Viewpoint: Iodine deficiency during pregnancy could impact intellect of babies


Professor Andrew Weeks: “A good diet is extremely important in pregnancy”

Researchers at the Universities of Surrey and Bristol have found that mild iodine deficiency during pregnancy could reduce the IQ of some babies.

Professor Andrew Weeks, from the University of Liverpool’s Institute of Translational Medicine, commented: “A good diet is extremely important in pregnancy. We have known for years about how major dietary deficiencies in pregnancies can affect babies, but we now understand that even small changes also have an effect.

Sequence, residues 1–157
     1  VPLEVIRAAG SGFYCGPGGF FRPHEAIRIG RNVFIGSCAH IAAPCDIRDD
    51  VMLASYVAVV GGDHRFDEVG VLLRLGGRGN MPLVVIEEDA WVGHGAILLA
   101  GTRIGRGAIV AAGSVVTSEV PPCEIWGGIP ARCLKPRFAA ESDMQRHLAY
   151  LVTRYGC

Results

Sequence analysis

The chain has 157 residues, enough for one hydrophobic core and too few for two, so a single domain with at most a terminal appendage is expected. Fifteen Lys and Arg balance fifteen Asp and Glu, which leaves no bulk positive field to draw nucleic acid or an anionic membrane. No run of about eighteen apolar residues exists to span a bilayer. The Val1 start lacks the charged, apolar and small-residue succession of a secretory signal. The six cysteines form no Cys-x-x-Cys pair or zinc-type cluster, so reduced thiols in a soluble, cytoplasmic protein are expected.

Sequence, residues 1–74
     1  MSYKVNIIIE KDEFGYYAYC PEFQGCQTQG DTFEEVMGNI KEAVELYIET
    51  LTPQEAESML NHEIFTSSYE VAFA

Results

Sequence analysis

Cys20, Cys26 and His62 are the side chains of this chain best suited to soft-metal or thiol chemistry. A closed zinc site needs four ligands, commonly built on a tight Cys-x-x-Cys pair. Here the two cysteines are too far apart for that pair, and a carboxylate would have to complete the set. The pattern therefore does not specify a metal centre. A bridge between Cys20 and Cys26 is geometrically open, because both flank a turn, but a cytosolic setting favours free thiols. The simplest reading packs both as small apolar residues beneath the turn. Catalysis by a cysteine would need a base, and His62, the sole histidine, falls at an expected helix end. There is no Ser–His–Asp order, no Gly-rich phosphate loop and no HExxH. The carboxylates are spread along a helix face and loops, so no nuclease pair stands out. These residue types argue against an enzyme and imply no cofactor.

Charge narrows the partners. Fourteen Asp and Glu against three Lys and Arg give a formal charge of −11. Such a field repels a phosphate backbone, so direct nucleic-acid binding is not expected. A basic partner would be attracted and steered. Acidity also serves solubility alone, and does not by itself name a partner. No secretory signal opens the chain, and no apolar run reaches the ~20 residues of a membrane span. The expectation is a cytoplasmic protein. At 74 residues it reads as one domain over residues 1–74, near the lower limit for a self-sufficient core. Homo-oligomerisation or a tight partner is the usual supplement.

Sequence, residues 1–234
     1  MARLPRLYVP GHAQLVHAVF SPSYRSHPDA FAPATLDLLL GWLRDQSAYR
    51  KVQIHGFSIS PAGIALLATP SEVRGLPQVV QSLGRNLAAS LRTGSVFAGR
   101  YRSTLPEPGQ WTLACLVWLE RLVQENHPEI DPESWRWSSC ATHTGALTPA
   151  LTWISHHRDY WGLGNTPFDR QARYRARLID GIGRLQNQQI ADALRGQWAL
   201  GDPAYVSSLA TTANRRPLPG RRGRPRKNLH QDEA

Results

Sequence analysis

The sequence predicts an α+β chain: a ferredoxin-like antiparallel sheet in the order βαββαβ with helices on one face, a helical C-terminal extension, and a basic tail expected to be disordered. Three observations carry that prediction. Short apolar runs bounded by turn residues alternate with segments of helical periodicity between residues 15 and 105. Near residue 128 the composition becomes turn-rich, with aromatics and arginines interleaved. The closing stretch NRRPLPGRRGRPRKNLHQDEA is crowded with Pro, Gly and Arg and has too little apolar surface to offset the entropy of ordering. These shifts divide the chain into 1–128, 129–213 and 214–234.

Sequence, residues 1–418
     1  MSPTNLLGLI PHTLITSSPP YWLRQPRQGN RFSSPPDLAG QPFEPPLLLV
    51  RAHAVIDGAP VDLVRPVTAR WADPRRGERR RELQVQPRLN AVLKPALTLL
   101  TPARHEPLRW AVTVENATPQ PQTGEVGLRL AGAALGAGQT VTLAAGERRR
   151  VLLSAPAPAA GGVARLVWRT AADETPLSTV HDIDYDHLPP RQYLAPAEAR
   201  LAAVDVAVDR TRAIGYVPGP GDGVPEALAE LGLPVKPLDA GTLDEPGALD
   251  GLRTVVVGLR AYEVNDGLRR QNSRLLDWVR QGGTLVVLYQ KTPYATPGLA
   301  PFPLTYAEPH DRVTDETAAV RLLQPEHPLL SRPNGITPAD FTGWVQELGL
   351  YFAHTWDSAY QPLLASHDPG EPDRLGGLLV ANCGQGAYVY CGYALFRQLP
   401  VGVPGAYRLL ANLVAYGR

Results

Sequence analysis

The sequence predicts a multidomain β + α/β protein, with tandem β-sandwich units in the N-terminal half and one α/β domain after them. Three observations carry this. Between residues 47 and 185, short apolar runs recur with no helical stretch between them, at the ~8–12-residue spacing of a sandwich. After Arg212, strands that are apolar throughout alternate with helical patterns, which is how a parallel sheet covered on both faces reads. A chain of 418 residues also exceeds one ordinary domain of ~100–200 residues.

“This study shows how subtle changes in iodine intake can have long-lasting effects on childhood development and IQ. The same is true with iron. Pregnant women should remember that their baby is made up of what they eat in pregnancy.”

Dr Mark Turner, from the University of Liverpool’s Department of Women’s and Children’s Health, said: “This study suggests that further research is needed to signpost women towards a healthy diet and that policy interventions are needed to ensure that all women in the UK have access to the food they need during pregnancy.”

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